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Posts from Webster Library

Growing Up In the Webster Library

The stairs leading up to the apartment.There are many people who say the library played an important role in their childhood. But for Kenneth Choquette, the library was—quite literally—his home.

Ken's grandfather, John Mahon, was the custodian at the Webster Library from approximately 1940-1971. In those days, mostly because of the coal furnace, being a custodian was a twenty-four hour job. At the very top of Webster, up a back staircase, was Ken's home: a four room apartment. The space itself is still there, but it is now full of air conditioning vents and electrical 

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There's Gold in Them Thar Hills: Digging at the Webster Library

For Webster Library's second big "Dig into Reading" event of the summer, we celebrated digging of all kinds (if you missed our worm races, check them out).

For this program, we separated our room into four main areas:

Paleontologist: Search for laminated dinosaur bones in a kiddie pool filled with packing peanuts. Geologist: Fizzing rocks that dissolve in vinegar to reveal a prize. Paleontologist (part II): ... Read More ›

Dig Into Reading: Worm Races at the Webster Library

The one at the bottom wins!Who says worms aren't fast? All of us at the Webster Library beg to differ. We recently held very competitive, highly excitable, worm race!

First, it's not very easy to find worms in this concrete jungle. Luckily I realized that pet stores carry them. I chose to use earthworms over red wigglers because then we could simply put them outside, instead of trying to find a composting site at the end.


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Steal This Story Time: Won't You Be My Neighbor Day

Photo courtesy of the Fred Rogers Company.March 20, 2013 would have been Mr. Roger's 85th birthday. At the Webster Library we celebrated by having our very own Won't You Be My Neighbor Day. The premise was simple (but as Mr. Rogers says, "Deep and simple is far more essential than shallow and complex"). Won't You Be My Neighbor Day encourages everyone to do one neighborly act—and of course, wear a sweater!

I grew up with Mr. Rogers. It is difficult for 

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Steal This Story Time: Glow in the Dark

I love it when librarians put their story time plans online. I “borrow” them all the time! In an act of reciprocation I figured I might as well throw my story time themes at the Internet to see what sticks.

Disclaimer #1: I will credit others whenever possible; however, I’ve kept pictures and notes about my themes for years but have not been keeping track of where I got the ideas. In the spirit of generous, helpful librarianship, hopefully everyone will understand if I accidentally omit a source.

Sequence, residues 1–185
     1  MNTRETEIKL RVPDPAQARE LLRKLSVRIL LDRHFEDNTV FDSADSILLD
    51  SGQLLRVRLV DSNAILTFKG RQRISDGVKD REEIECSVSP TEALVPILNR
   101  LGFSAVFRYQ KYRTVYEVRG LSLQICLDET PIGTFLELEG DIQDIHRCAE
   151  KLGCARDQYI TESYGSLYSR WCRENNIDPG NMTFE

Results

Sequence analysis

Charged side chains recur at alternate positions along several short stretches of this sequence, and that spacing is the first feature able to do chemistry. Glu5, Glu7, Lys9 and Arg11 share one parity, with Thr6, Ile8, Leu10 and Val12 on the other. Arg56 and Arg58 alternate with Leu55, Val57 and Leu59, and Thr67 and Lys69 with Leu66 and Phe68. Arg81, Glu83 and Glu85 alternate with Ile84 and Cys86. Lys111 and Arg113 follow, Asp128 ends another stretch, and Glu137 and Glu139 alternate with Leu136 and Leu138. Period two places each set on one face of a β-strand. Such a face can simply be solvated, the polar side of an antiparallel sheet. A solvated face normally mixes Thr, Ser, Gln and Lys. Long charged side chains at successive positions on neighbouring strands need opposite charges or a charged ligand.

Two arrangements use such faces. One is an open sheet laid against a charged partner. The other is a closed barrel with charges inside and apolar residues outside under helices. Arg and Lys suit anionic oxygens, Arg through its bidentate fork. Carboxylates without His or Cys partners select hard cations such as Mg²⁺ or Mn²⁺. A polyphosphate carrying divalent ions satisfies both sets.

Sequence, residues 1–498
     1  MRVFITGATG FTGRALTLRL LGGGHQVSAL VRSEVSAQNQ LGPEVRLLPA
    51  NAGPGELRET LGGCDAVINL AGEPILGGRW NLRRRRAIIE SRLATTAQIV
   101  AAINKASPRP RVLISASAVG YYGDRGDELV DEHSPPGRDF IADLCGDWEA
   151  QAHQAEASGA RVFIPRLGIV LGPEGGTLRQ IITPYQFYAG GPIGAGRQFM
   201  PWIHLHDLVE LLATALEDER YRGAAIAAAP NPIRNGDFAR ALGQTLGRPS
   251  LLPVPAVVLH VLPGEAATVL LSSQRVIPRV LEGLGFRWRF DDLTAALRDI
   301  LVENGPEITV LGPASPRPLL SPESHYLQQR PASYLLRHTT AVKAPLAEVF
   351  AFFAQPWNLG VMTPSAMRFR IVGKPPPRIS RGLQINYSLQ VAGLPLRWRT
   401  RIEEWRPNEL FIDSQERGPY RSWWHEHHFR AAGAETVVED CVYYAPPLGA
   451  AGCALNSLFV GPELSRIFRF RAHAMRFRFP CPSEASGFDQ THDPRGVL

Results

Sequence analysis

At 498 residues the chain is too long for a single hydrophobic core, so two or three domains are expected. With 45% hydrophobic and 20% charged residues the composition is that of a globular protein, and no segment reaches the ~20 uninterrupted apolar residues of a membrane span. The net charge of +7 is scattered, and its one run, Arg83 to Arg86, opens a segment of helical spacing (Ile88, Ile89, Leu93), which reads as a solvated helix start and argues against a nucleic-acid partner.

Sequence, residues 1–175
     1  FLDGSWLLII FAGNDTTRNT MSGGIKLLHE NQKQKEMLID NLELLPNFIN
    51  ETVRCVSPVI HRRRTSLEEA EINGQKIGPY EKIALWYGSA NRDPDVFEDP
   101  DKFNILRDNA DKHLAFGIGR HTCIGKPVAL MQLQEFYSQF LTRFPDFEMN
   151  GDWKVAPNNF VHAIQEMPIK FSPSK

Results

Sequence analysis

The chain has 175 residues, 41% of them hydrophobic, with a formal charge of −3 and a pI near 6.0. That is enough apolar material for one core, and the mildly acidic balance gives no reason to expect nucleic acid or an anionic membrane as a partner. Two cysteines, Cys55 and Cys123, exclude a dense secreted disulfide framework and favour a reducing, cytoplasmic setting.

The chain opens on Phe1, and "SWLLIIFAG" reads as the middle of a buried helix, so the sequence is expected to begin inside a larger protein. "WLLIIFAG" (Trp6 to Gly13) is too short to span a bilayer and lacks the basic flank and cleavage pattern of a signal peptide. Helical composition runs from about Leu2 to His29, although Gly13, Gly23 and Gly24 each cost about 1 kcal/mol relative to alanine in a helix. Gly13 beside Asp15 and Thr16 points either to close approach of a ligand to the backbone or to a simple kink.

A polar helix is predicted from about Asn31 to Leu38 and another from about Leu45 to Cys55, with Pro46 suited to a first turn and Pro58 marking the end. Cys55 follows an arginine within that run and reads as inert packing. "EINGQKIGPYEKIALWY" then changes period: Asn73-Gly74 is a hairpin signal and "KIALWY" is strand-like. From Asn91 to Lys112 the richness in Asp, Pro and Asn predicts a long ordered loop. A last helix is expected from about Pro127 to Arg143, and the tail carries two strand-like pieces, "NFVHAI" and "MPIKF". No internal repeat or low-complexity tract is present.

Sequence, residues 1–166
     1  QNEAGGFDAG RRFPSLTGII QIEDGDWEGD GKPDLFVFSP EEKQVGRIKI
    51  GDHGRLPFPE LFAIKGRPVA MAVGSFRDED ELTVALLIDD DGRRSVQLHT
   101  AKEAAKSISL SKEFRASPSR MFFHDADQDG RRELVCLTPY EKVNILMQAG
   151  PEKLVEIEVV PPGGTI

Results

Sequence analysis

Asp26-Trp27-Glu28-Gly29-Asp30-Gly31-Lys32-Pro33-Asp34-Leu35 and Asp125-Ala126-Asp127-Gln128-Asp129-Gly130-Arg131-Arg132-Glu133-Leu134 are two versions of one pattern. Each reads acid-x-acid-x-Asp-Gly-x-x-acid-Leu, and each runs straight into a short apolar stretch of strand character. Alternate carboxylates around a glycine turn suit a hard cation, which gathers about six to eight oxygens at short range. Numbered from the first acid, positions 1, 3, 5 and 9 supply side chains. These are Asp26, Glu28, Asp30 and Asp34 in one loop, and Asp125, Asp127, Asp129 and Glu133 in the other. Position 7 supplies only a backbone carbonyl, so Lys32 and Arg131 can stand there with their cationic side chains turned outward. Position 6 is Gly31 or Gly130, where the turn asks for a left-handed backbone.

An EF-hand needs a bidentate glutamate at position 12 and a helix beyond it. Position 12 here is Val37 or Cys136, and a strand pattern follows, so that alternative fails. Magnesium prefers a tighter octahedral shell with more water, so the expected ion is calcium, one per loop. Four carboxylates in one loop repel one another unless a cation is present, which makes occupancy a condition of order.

Disclaimer #2: Even the name of this 

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ReelAbilities Rules! The Disabilities Film Festival in New York City

If you haven't experienced, or perhaps even heard about, ReelAbilities, this may be the year to discover this unique festival, which is a film festival, but also so much more.

Anita Altman of the UJA-Federation, who founded the festival in New York City in 2007, states its goal is to raise consciousness "about our common humanity and the value of each person, without regard to his or her ability or disability." This is the fourth New York 

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"The Snowy Day" Connection: Ezra Jack Keats and Webster Library

How was the man who famously created The Snowy Day and so many other classic picture books connected to Webster Library?Read More ›

Library Hands (like jazz hands, only better!)

Patrons of the Webster Library wrote one word on their hand to describe what the library means to them. The ultimate goal was to make a video to help support the library, but more importantly, every time we stopped someone to ask if they would participate in this slightly odd project, we started a conversation.

Sadly, it is very easy to walk blindly by large signs that shout, “40 Million Dollar Budget Cut!” But when you ask someone to write a word on their hand, it forces them to stop and think. It also makes surrounding 

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I Want To Be Your Personal Penguin: Wedding Readings from Children’s Books

Being a librarian, it's not surprising when I say that I'm surrounded by stories. But in reality, we are all surrounded by stories, every day. This was never more apparent to me than when I officiated a friend's wedding. She asked that I include a reading from a children's book, and while neither she nor her fiancé had any particular connection to children's literature, we created a whole ceremony around the power of story.

The groom told the story of how they met. The bride had her own version of that very same story. I told my story of watching them fall in 

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